No journalist would cover a professional tennis match without getting an education in backhands, foot faults, player rankings and grand slams. But some reporters step into the world of LGBT people without taking the time to know what they’re reporting about.
Covering the LGBT community requires more research than a few viewings of “Will & Grace.” Consider: Transsexuals aren’t the same as drag queens. Outdated phrases such as “sexual preference” make journalists look clueless at best and insensitive at worst. And “outing” someone without permission remains a dicey proposition, even in these days of growing sexual freedom.
NLGJA believes mainstream journalists have an obligation to be fair, balanced and accurate. NLGJA is dedicated to education, not advocacy. We are journalists ourselves and don’t want our colleagues to slant what they write or put on the airwaves.
We don’t expect anyone to blindly follow all the suggestions we make here. We are not the media police, and some of our own members will certainly disagree with some of the viewpoints expressed here. Our goal is simple: to provide thought-provoking resources to our colleagues as they cover one of the most diverse communities in America. – By Randy Dotinga, NLGJA Lifetime Member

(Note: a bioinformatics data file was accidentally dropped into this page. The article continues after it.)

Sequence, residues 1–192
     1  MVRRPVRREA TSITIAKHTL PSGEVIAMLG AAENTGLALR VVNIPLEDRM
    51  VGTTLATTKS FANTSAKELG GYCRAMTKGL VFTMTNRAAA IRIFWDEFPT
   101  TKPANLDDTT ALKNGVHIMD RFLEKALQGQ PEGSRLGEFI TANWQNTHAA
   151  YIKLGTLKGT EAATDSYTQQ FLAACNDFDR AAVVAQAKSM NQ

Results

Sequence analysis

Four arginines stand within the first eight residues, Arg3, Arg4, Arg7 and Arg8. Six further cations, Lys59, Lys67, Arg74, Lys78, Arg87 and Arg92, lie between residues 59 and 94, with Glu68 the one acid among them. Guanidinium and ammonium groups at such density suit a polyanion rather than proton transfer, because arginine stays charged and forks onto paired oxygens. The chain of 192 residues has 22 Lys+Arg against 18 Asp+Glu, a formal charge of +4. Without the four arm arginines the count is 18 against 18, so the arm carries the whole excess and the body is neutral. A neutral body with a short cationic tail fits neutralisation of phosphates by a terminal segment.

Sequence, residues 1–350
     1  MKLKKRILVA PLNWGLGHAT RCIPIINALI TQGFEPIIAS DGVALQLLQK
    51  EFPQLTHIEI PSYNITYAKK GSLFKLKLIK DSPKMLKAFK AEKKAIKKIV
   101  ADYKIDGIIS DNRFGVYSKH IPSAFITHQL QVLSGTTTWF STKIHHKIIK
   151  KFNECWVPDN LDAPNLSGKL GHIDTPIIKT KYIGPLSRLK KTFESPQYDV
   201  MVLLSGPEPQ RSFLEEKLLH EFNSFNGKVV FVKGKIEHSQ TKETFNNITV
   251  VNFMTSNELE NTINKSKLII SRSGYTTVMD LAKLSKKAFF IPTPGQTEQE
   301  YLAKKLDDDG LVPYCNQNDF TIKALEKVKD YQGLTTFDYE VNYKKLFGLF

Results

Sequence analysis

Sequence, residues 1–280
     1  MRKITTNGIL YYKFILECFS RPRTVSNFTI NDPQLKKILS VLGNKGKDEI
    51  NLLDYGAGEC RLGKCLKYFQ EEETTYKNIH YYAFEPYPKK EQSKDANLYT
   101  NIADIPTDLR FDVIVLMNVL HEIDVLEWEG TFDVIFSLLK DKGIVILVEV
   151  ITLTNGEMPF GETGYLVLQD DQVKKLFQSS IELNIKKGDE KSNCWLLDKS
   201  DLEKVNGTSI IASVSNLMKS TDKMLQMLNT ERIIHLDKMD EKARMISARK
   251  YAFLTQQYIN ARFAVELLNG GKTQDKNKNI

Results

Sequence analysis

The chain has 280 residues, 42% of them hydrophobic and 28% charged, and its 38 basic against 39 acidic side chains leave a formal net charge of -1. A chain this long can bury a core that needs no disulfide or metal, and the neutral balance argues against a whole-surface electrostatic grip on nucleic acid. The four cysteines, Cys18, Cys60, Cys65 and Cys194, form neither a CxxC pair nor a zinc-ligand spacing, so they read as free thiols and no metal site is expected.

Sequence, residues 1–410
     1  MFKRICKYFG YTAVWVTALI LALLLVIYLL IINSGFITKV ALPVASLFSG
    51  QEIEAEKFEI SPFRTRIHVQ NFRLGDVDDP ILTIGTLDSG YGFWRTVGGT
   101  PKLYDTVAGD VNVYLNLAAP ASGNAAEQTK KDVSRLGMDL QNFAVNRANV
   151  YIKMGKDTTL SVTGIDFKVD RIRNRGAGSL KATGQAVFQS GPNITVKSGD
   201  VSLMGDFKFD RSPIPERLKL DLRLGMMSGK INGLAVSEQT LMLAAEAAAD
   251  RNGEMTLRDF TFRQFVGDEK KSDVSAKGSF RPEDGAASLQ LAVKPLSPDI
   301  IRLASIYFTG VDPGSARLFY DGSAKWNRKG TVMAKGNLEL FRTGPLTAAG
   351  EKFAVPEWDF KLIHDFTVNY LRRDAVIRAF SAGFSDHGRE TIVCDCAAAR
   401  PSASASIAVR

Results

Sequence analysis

How to Use the Toolbox
NLGJA’s Journalists Toolbox is designed primarily to assist journalists who don’t normally cover the LGBT community. The advice here is drawn from outside media experts and our own members who are professional journalists for both mainstream media and the LGBT press. We also offer story ideas and new ways of thinking for reporters who are experienced in covering LGBT life.
The following articles are written in a news style, and as such, may include different views on how to cover the same topic:
Many newsrooms have questions about how to cover people who are or may be transgender. NLGJA is here to help you ensure your coverage is not only fair, but accurate.read more
The U.S. Supreme Court will hear oral arguments April, 28 on whether a state may refuse to issue marriage licenses to same-sex couples or to recognize same-sex marriages from other jurisdictions.read more
Here are a few tips, as well as some information from our stylebook on how to handle things such as pronouns and terminology.read more